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The horror and the glory of God's creation that includes us.

CR

On Mon, Jan 2, 2017 at 10:09 AM [log in to unmask] <
[log in to unmask]> wrote:

> I do agree with Carrol.  The otherness of the tyger supports the poem's
> external questioning as does the change to "Dare frame thy fearful
> symmetry" in the last stanza from "Could frame thy fearful symmetry" in the
> first stanza.
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> NB  Carrol:  But I do also think the Songs of Experience are not dependent
> upon the Songs of Innocence.  Didn't you also quote the chimney-sweep's
> poem yesterday?  I hear that independently of the other poems and I suspect
> even the residents of Slough do too.  Et tu?
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> Sent from my iPhone
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> Sent from my iPhone
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> Sent from my iPhone
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> > On Jan 1, 2017, at 10:13 PM, Carrol Cox <[log in to unmask]> wrote:
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> > David Boyd wrote:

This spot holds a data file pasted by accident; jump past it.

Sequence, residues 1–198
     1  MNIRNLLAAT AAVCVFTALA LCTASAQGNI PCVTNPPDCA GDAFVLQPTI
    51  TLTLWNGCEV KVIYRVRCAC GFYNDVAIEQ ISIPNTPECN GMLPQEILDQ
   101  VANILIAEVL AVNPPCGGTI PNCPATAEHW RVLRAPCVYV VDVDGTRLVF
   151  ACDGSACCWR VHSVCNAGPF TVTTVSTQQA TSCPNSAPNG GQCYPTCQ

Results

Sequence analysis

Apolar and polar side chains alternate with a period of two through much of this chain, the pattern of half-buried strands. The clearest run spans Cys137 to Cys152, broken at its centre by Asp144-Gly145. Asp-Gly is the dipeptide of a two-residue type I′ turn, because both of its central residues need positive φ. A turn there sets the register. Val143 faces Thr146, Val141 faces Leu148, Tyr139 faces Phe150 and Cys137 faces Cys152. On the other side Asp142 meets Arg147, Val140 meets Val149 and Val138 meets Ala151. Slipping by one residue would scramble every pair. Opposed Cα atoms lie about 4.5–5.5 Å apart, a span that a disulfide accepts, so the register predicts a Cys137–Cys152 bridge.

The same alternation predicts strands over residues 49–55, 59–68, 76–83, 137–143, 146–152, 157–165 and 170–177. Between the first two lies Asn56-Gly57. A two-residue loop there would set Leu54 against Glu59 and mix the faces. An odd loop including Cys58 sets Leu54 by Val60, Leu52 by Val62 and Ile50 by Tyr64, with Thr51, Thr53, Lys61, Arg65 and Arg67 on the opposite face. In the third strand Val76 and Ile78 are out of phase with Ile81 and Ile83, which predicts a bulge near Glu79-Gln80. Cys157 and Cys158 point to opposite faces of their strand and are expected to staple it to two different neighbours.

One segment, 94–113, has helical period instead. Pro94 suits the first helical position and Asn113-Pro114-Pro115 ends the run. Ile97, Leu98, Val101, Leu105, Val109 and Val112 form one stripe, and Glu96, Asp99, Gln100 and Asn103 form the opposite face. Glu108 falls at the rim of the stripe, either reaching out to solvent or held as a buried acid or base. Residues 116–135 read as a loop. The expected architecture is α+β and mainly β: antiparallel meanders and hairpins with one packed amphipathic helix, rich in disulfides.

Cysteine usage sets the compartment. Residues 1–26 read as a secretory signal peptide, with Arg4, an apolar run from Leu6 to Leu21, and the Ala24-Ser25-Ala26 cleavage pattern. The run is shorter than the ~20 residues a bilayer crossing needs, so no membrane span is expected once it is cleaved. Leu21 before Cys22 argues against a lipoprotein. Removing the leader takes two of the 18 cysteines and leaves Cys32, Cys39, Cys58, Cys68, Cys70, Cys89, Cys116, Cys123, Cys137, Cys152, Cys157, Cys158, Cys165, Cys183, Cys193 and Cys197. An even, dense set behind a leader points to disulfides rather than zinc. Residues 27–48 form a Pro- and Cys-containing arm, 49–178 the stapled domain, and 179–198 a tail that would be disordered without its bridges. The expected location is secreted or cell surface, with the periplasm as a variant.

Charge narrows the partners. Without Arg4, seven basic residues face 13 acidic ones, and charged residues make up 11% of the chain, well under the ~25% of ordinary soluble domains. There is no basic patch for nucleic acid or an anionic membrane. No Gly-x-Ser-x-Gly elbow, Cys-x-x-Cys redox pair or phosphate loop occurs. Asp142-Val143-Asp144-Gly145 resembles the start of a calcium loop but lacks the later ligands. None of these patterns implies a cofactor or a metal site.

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> > On 1 Jan 2017, at 22:19, Chanan Mittal  wrote:
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> > The tiger defines us for what we are.
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> > Nonsense. Before you can say that you first have to say what the tiger
> is? Which features of the tiger define the "essence" of humanity ("we")?
> Blake is very clear that the Tyger is OTHER than "us"; It is that otherness
> that allows the Tyger to provoke a question or series of questions --
> including the question raised by the simultaneous existenmce of Tyger and
> Lamb. (The poems of experience make no sense unless the reader pairs them
> with the poems of innocence.) It is mere mindless flippancy to make such
> empty statements as "X is us."
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> > Carrol
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